Ashbery, John

Ashbery, John,

1927–2017, American poet, b. Rochester, N.Y., grad. Harvard (B.A., 1949), Columbia (M.A., 1951). Among the most acclaimed and influential American poets of his ear, he was (1960s–70s) one of the so-called New York school of poets, which also included Frank O'HaraO'Hara, Frank
1926–66, American poet, b. Baltimore, grad. Harvard (B.A., 1950), Univ. of Michigan, Ann Arbor (M.A., 1951). His poetry is spontaneous, vernacular, witty, personal, and very much of its time and place—New York City, 1951–66.
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, Kenneth KochKoch, Kenneth
(Kenneth Jay Koch) , 1925–2002, American poet, novelist, and playwright, b. Cincinnati. After studying at Harvard and Columbia he was associated with the Artist's Theatre, Locus Solus
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, and James Schuyler. Influenced early in his career by the method and music of John CageCage, John,
1912–92, American composer, b. Los Angeles. A leading figure in the musical avant-garde from the late 1930s, he attended Pomona College and later studied with Arnold Schoenberg, Adolph Weiss, and Henry Cowell.
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, Ashbery called his writing technique "managed chance." He was averse to the personal revelations of the contemporary, so-called confessional poets. His poems are experimental and idiosyncratic in style and syntax, strongly visual, and narrative, but typically complex, elusive, ambiguous, and somewhat obscure. His more than 20 collections include Some Trees (1956), The Tennis Court Oath (1962), Self-Portrait in a Convex Mirror, his most celebrated work (1975; Pulitzer Prize, National Book Award, National Book Critics Circle prize), Shadow Train (1981), A Wave (1984), April Galleons (1987), And the Stars Were Shining (1994), Chinese Whispers (2002), Where Shall I Wander (2005), Planisphere (2009), and Breezeway (2015). He also wrote two book-length poems, Flow Chart (1991) and Girls on the Run (1999); and three plays, The Compromise (1960), The Heroes (1960), and The Philosopher (1964); and coauthored a novel, A Nest of Ninnies (1969). On a Fulbright scholarship to Paris in the 1950s, Ashbery began to write art criticism and continued to do so after his return to New York, writing for various journals and editing the quarterly Art and Literature. Many of his art reviews and essays were collected in Reported Sightings (1989). He also translated works by such French writers as Pierre Reverdy, Raymond Roussel, Max Jacob, and Arthur Rimbaud. Ashbery taught at Brooklyn College, Harvard, and Bard College.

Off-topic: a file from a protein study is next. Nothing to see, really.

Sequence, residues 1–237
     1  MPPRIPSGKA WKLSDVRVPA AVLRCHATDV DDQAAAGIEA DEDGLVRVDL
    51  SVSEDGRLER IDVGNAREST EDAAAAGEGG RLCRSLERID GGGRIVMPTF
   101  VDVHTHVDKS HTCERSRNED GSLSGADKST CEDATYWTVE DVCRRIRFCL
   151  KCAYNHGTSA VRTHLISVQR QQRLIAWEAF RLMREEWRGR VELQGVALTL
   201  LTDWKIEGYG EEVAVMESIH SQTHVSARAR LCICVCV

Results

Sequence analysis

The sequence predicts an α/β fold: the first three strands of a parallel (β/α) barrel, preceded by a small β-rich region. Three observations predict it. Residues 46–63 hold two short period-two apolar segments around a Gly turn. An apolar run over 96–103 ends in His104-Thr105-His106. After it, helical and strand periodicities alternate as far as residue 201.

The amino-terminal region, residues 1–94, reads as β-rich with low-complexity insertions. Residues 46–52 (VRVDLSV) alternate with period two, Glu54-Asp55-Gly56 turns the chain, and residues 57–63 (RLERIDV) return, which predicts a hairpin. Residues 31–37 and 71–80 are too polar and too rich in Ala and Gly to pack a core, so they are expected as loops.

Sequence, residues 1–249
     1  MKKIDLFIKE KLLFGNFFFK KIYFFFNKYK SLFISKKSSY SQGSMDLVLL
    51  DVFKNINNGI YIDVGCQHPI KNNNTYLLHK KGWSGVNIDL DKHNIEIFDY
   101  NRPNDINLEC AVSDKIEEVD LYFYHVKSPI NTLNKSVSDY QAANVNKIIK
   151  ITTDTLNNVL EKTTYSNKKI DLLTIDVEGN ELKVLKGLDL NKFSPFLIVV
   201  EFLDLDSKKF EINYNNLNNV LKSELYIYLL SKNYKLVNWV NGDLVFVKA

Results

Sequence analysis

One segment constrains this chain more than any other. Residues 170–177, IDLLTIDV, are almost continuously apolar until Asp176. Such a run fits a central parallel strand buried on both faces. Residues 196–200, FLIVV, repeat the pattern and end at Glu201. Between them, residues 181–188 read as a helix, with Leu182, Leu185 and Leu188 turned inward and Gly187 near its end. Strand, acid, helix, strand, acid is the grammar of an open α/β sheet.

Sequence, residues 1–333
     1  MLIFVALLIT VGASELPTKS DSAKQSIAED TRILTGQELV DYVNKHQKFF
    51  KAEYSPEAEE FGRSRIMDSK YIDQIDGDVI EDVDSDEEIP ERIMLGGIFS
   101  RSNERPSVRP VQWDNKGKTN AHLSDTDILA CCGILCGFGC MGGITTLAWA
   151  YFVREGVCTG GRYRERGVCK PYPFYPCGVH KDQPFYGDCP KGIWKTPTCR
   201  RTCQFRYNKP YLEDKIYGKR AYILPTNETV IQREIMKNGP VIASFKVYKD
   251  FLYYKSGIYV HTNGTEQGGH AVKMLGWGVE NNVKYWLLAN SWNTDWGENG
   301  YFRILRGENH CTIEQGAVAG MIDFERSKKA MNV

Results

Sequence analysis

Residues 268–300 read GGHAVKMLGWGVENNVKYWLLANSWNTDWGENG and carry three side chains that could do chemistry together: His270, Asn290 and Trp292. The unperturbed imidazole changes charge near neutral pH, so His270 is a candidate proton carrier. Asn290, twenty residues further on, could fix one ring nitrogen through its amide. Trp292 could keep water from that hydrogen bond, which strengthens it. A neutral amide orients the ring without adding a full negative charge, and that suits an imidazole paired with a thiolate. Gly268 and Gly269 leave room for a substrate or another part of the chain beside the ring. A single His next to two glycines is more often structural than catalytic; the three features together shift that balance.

Bibliography

See M. Ford, ed., John Ashbery: Collected Poems, 1956–1987 (2008) and John Ashbery: Collected Poems 1991–2000 (2017); E. Richie, ed., Selected Prose (2004); K. Roffman, The Songs We Know Best: John Ashbery's Early Life (2017); studies by D. Shapiro (1979), D. Lehman, ed. (1980) and as author (1999), H. Bloom, ed. (1985 and 2004), J. Shoptaw (1994), S. M. Schultz, ed. (1995), D. Herd (2000), G. Ward (2d ed. 2001), K. Bartczak (2006), A. DuBois (2006), and J. E. Vincent (2007).

Ashbery, John (Lawrence)

(1927–  ) poet, writer; born in Rochester, N.Y. He attended Harvard (B.A. 1949), Columbia University (M.A. 1951), lived in Paris (1955–65), and settled in New York City. He taught at Brooklyn College beginning in 1974, was a playwright and a literary and art critic, and was known for his visionary poetry, as in Self-Portrait in a Convex Mirror (1975).
References in periodicals archive ?
Among those in attendance are John Ashbery, John Berryman, Darrell Gray, Paul Muldoon, Wallace Stevens, James Tate, and David Berman (whose name is also affixed to a blurb you must see to believe).
Danto, Andre Chastel, John Golding, Clement Greenberg, Meyer Schapiro, John Ashbery, John Berger, Yves Bonnefoy, Rosalind E.
The "prelude" also cites many of Kazin's contemporaries: Flannery O'Connor, "the greatest American Catholic writer"; Edmund Wilson, "our last Great Man of Letters"; Saul Bellow, John Ashbery, John Berryman.